||This article includes a list of references, but its sources remain unclear because it has insufficient inline citations. (January 2011)|
Chaining is an instructional procedure used in behavioral psychology, experimental analysis of behavior and applied behavior analysis. It involves reinforcing individual responses occurring in a sequence to form a complex behavior. It is frequently used for training behavioral sequences (or "chains") that are beyond the current repertoire of the learner. The term is often credited to the work of B.F. Skinner, an American psychologist working at Harvard University in the 1930s.
The chain of responses is broken down into small steps using task analysis. Parts of a chain are referred to as links. The learner's skill level is assessed by an appropriate professional and is then either taught one step at a time while being assisted through the other steps forward or backwards or if the learner already can complete a certain percentage of the steps independently, the remaining steps are all worked on during each trial total task. A verbal stimulus or prompt is used at the beginning of the teaching trial. The stimulus change that occurs between each response becomes the reinforcer for that response as well as the prompt/stimulus for the next response without requiring assistance from the teacher. For example, in purchasing a soda you pull the money out of your pocket and see the money in your hand and then put the money in the machine. Seeing the money in your hand both was the reinforcer for the first response (getting money out of pocket) and was what prompted you to do the next response (putting money in machine).
As small chains become mastered, i.e. are performed consistently following the initial discriminative stimulus prompt, they may be used as links in larger chains. (Ex. teach hand washing, tooth brushing, and showering until mastered and then teach morning hygiene routine which includes the mastered skills). Chaining requires that the teachers present the training skill in the same order each time and is most effective when teachers are delivering the same prompts to the learner. The most common forms of chaining are backward chaining, forward chaining, and total task presentation.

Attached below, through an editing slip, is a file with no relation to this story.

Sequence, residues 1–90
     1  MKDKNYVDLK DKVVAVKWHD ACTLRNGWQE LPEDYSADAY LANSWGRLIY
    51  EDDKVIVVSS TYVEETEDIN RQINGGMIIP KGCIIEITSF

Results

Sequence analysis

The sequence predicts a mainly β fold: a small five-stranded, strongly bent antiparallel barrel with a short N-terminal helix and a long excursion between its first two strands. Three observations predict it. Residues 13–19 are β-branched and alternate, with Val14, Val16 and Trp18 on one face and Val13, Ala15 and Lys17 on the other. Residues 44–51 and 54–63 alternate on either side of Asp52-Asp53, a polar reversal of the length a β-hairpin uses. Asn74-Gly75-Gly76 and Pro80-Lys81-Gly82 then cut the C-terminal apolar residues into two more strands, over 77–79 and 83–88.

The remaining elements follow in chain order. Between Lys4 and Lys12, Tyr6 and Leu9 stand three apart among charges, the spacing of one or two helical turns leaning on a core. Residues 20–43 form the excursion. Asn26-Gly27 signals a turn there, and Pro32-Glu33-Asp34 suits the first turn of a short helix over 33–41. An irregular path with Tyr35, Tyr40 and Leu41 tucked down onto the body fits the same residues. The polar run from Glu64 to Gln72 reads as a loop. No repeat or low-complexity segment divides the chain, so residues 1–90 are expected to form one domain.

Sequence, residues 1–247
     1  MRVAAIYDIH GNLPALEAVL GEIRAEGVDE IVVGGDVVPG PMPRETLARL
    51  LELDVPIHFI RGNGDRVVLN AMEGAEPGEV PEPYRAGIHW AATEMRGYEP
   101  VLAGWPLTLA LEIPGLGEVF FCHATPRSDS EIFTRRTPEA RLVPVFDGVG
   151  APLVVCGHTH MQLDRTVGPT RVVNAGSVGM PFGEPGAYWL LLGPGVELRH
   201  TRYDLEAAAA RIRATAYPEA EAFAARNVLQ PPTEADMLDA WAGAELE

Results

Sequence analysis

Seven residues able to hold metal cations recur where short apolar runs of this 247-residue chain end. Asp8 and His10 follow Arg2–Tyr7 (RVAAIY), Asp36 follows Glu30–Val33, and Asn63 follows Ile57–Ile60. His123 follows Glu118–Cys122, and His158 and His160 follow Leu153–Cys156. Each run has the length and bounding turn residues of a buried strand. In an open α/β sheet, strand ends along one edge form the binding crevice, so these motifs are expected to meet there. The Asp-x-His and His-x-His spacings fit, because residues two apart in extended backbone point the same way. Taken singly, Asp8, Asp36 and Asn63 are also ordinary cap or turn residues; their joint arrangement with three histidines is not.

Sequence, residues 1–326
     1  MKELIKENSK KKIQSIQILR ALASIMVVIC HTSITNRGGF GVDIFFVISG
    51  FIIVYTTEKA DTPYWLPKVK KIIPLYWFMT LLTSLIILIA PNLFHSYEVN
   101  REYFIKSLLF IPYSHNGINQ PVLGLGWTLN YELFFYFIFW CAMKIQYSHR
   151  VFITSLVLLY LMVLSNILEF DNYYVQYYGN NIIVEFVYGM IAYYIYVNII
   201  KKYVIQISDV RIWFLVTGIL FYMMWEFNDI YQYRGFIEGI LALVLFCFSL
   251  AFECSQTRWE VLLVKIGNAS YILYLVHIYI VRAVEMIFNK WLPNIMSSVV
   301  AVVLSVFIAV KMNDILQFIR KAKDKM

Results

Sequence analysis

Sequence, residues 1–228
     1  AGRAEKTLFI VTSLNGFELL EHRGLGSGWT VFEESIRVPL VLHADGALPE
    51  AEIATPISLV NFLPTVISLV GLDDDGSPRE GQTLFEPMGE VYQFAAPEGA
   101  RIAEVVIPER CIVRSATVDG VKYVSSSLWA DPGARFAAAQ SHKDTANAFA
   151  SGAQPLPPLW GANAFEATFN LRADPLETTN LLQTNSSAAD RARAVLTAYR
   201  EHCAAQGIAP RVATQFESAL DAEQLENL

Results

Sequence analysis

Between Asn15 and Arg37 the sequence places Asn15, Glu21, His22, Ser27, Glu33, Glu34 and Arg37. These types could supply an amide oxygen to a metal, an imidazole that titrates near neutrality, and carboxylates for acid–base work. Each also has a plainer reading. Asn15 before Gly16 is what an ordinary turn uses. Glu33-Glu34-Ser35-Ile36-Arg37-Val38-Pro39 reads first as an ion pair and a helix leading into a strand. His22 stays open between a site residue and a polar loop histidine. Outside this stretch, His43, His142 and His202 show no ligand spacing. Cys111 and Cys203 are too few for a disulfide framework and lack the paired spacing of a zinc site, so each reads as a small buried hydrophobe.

More on Chaining
There are two different types of chains: homogeneous and heterogeneous. The prior homogeneous chains occur when the topography or form of response are similar in each component. In contrast, a heterogeneous chain requires different types of responses for each link.
- B.F. Skinner (1956). Chaining. The extinction of chained Reflexes, p. 1
- B.F. Skinner (2005). Chaining. Science and human behavior, p. 1
- John O. Cooper, Timothy E. Heron, and William L. Heward, Applied Behavior Analysis, Second Edition, Pearson Education, 2007.
- W. David Pierce and Carl D. Cheney, Behavior Analysis and Learning, Fourth Edition, Psychology Press, 2008.